I think we agree again Steve! The judge said my family was right all along and the AVLT was denied every request they made in the lawsuit. Hmm. Also, glad to see you mention that the AVLT doesn’t enforce county code! I agree! But then that makes me think of the lawsuit where it says; “Failure to comply with any such codes or regulations shall constitute a breach of the Agreement.” (Read it yourself at peachlandranch.home.blog) So, I want to believe you Steve, but it’s weird to hear you say that, now, when you sued me trying to add code breaches as violations of my easement. Hmm. Maybe losing this lawsuit changed your mind?
Then you ask a bunch of random questions that are obviously all irrelevant. As the Vice President of the AVLT you shouldn’t be listing your personal confusions on the front page of the paper. Looks bad from my perspective. When I’m on the board of the AVLT I will definitely not be doing that. Why don’t you list actual policies and reasons why certain things are or aren’t allowed by the AVLT? Randomly listing hypotheticals that stump you does not make the AVLT look more competent, but less.
The Story Continues
I think you’ve made my argument about Barbara pretty well! Her easement states, “Any residential use” “of any kind additional to the following is prohibited”. It doesn’t matter whether it was her kids before the easement, or her tenants now, her easement clearly restricts her to three THINGS being used as residences. One of those, clearly restricted to 55 and older. She can’t go building a fourth structure and call that her 55 and older house! Or maybe your argument is that Barbara’s not violating the age requirement, but just violating the limit on two, regular, non-age restricted residences? OK. Her easement clearly prohibits that also. It doesn’t matter that Barbara had the “apartment”, as you call it, before or after her easement. Her easement says USE. As in, what happens with any structures and what they are used for, not what they are, or when they were built. What matters is what her easement says. And her easement says that only three of anything can be USED as such. Not an “option to build” as you try to change the wording to, but “use restricted to the following;”. Barbara is clearly breaking that restriction. A judge would quickly agree and force the repayment of all Barbara’s ill-gotten gains. Check with your legal counsel. They will tell you the AVLT is blatantly legally liable. The sliding scale of justice that you are using to justify Barbara’s violations make it hard to understand how I got a lawsuit for “transient hospitality” (and a golf cart and Facebook page) that didn’t even exist. And then of course there’s the time the board let Barbara cut down a redwood tree that was protected/restricted by her easement. And then Steve Snyder’s RV. It goes on and on.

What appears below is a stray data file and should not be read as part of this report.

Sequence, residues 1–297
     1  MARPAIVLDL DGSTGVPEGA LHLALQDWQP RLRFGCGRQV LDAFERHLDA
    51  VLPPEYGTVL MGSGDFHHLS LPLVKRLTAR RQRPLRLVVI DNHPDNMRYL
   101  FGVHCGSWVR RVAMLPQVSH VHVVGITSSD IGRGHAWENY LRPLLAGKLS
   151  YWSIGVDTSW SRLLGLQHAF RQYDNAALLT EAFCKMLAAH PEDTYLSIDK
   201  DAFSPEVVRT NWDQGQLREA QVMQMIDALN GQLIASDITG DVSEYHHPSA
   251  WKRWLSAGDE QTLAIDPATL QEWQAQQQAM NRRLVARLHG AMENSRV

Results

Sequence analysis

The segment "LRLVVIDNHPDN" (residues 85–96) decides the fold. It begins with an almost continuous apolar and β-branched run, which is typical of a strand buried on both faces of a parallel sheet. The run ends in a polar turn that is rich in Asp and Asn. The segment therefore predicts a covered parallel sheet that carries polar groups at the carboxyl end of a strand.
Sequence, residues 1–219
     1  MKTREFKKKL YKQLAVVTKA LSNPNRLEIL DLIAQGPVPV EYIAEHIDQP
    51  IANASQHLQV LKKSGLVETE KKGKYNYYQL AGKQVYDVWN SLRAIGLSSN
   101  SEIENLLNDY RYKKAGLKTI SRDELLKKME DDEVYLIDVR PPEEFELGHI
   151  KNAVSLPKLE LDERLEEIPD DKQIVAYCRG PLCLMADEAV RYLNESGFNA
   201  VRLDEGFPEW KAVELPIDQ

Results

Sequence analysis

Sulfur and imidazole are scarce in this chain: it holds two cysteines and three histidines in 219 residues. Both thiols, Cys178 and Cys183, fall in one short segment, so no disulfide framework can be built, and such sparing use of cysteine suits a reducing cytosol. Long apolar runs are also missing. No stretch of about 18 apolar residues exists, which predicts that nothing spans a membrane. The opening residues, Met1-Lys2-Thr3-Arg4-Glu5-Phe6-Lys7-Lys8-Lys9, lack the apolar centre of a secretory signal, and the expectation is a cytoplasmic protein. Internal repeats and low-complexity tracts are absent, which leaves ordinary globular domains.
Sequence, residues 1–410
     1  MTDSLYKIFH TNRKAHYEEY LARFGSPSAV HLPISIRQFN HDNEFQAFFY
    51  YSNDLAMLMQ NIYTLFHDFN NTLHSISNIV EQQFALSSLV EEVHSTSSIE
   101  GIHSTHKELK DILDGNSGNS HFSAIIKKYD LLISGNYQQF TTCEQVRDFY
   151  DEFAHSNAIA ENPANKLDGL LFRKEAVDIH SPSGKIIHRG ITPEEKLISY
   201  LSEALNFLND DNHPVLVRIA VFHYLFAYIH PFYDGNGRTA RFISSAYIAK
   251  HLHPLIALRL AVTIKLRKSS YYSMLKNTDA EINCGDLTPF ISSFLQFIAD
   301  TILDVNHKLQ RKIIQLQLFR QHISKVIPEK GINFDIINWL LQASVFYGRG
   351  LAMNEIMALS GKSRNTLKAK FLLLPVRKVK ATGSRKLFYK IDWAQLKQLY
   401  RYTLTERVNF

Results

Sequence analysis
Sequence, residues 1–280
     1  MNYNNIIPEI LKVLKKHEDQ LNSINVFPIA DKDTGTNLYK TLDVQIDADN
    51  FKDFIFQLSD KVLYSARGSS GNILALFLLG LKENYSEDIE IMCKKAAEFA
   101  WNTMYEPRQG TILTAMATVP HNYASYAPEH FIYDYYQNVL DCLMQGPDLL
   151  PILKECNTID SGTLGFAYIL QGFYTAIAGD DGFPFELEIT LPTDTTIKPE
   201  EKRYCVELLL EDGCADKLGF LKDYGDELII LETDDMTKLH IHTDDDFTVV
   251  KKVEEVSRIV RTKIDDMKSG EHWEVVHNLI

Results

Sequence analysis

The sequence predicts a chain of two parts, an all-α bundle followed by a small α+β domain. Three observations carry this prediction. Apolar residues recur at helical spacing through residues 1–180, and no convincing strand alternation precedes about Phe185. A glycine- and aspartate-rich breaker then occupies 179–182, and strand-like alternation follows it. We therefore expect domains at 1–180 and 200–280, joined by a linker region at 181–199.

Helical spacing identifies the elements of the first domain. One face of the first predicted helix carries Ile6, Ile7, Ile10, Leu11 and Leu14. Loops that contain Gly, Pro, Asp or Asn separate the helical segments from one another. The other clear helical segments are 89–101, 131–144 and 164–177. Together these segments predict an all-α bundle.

I don’t distrust you Steve. Sorry you feel that way. I trust you. I would sit down with you tomorrow and try for a fresh start. The problem is that you then walk away, or won’t sit down at all in the first place. And I hold no resentment for you. You’ve just been fed too many lies for 5 years and it will take a while to show you the facts. Facts are hard. They take time and effort and a lot of reading and explanation. Lies are easy and quick. I wish you wanted to spend the time that is necessary. Things like this take time. Being the Vice President of a non-profit takes time. Dealing with the aftermath of a lawsuit takes time. I’m sorry the AVLT is such a burden for you and the other board members. But that’s what a non-profit of volunteers is supposed to be for. Taking the time to make it right. Even if it’s hard. Even if it takes time.
I will continue to volunteer my time to the AVLT. I will continue to be willing to try to work with you and the AVLT. I find it troubling that Steve Snyder and you have time to sit down and write for the paper while not having time to sit and talk with me. That just seems insincere. I’ve sliced out the time to write a 17 part series. I don’t want to spend my time doing that. I’d rather spend my time volunteering for the AVLT and other non-profits and helping Anderson Valley be a cooperative community that avoids lawsuits when possible. We all have a choice of what we do with our time Steve. I wish you and I would put our time into direct communication instead of openly airing our opposing views in the paper.
In closing, I’m not wild about being referred to as “this young man”. Do I detect a condescending tone? Am I just overly sensitive? How about if I don’t refer to the AVLT board members as too old and senile to read and comprehend Barbara’s easement. Hey, if you meant it as a compliment, thanks, although I think 46 is well into middle age and I’ve got no shortage of gray hairs to prove it. But I guess maybe I’m just being prickly. Quarter million dollar harassment lawsuits will do that to ya.